• Virtue (Aristotle)
  • Hedonism
  • Formalist
clinical ethics past and present
Clinical Ethics: Past and Present
  • Before 1960 - based on traditional professional ethics of medicine
    • Physician was major decision-maker
    • Physician considered a person of highest character who adhered to prominent virtues
    • Paternalistic
clinical ethics past and present1
Clinical Ethics: Past and Present …
  • After 1960 - Based on patient “rights”


    • Ethical lapses in human research noted in 60s and 70s
    • Rapid increase in medical technology
    • Quinlan Case - First important “right to die” case
    • President’s Commission for the Study of Ethical Problems in Medicine
    • State laws defining the parameters for decision-making at the end of life
clinical ethics
Clinical Ethics
  • Medical ethics is primarily a field of applied ethics
    • Values in medical ethics
      • Informed consent
      • Confidentiality
      • Beneficence
      • Autonomy
      • Non-Maleficence
      • Importance of communication
    • Ethics committees
    • Cultural concerns
      • Conflicts of interest: Futility
medical ethics
Medical ethics
  • Six of the values that commonly apply to medical ethics discussions are:
    • Beneficence - a practitioner should act in the best interest of the patient.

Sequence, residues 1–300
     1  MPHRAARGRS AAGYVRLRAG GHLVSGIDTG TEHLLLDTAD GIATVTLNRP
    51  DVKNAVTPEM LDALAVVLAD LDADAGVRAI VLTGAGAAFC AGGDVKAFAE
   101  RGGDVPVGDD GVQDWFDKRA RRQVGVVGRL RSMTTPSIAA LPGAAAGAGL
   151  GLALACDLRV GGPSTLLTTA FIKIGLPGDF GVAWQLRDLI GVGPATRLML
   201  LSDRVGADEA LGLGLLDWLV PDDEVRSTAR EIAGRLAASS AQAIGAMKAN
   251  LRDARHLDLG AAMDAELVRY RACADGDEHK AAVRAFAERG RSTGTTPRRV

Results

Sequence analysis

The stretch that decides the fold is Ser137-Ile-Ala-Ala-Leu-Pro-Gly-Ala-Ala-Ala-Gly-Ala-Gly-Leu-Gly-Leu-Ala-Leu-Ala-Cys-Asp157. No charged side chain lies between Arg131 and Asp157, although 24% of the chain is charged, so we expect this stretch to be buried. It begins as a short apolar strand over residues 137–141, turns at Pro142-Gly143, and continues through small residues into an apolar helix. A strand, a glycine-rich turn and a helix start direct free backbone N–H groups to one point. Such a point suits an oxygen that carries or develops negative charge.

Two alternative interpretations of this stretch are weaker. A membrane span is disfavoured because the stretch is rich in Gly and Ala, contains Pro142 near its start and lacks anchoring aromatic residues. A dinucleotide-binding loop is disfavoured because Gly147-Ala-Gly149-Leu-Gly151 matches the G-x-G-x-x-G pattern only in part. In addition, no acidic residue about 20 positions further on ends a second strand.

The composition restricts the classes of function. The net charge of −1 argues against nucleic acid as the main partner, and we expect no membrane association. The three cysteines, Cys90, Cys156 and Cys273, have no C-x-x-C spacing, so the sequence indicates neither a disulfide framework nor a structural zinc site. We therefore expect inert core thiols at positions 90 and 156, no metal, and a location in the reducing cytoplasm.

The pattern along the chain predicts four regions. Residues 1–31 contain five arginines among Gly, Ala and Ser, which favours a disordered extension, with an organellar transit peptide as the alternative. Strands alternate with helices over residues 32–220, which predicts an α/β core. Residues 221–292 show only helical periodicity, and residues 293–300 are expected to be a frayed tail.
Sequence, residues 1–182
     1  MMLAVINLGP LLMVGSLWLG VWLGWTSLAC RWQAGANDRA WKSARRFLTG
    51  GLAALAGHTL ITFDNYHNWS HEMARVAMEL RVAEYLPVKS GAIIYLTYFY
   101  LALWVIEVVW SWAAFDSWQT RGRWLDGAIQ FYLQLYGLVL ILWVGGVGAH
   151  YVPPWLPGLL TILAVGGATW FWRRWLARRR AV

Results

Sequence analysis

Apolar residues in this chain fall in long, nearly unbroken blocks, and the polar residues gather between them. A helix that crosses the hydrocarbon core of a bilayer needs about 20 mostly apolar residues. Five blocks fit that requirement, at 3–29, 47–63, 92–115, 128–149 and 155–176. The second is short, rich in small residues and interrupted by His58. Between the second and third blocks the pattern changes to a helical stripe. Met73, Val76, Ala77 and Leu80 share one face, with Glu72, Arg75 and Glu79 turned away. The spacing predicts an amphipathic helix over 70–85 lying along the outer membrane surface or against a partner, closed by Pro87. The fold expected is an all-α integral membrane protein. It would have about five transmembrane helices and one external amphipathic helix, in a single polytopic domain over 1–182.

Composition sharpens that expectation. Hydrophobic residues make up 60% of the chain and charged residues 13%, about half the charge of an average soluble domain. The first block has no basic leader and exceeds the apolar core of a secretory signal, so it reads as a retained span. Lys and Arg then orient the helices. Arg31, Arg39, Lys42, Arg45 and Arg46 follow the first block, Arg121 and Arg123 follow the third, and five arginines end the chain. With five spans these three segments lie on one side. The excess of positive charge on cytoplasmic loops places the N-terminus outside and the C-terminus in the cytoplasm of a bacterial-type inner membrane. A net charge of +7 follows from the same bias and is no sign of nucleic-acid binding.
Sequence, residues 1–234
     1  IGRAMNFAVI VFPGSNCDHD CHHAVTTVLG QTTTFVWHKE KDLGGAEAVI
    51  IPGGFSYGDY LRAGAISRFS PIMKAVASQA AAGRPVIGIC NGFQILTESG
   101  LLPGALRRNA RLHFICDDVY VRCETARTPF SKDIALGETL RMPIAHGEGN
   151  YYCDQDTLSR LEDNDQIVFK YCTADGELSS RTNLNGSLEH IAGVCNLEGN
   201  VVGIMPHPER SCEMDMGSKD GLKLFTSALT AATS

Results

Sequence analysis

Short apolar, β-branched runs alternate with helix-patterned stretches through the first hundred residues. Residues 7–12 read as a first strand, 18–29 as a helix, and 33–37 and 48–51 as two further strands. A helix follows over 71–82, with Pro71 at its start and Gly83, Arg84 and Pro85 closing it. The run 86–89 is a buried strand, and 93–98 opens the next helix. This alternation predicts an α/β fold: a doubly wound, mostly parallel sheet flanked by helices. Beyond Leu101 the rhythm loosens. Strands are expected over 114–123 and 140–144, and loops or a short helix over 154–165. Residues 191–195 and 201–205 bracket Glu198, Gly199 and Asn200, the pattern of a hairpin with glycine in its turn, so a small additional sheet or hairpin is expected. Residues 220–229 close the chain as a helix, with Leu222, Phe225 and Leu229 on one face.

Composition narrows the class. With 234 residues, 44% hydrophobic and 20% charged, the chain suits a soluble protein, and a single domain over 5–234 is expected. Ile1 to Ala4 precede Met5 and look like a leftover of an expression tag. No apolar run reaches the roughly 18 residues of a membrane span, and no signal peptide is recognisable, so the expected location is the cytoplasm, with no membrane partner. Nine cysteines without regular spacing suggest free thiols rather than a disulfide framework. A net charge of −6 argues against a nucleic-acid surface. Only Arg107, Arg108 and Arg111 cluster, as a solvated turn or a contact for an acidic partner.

• Non-maleficence- "first, do no harm“
    • Autonomy - the patient has the right to refuse or choose their treatment.
    • Justice - concerns the distribution of scarce health resources, and the decision of who gets what treatment (fairness and equality).
    • Dignity- the patient (and the person treating the patient) have the right to dignity.
    • Truthfulness and honesty - the concept of informed consent.
principles of medical ethics
Principles of Medical Ethics
  • Physician shall be dedicated to providing competent medical care, with compassion and respect for human dignity and rights.
  • Shall uphold the standards of professionalism, be honest, and strive to report physicians deficient in character or competence, or engaging in fraud or deception, to appropriate entities.
  • Shall respect the law and also recognize a responsibility to seek changes in those requirements which are contrary to the best interests of the patient.
  • Shall respect the rights of patients, colleagues, and other health professionals, and shall safeguard patient confidences and privacy.
  • Shall continue to study, apply, and advance scientific knowledge, maintain a commitment to medical education.
principles of medical ethics1
Principles of Medical Ethics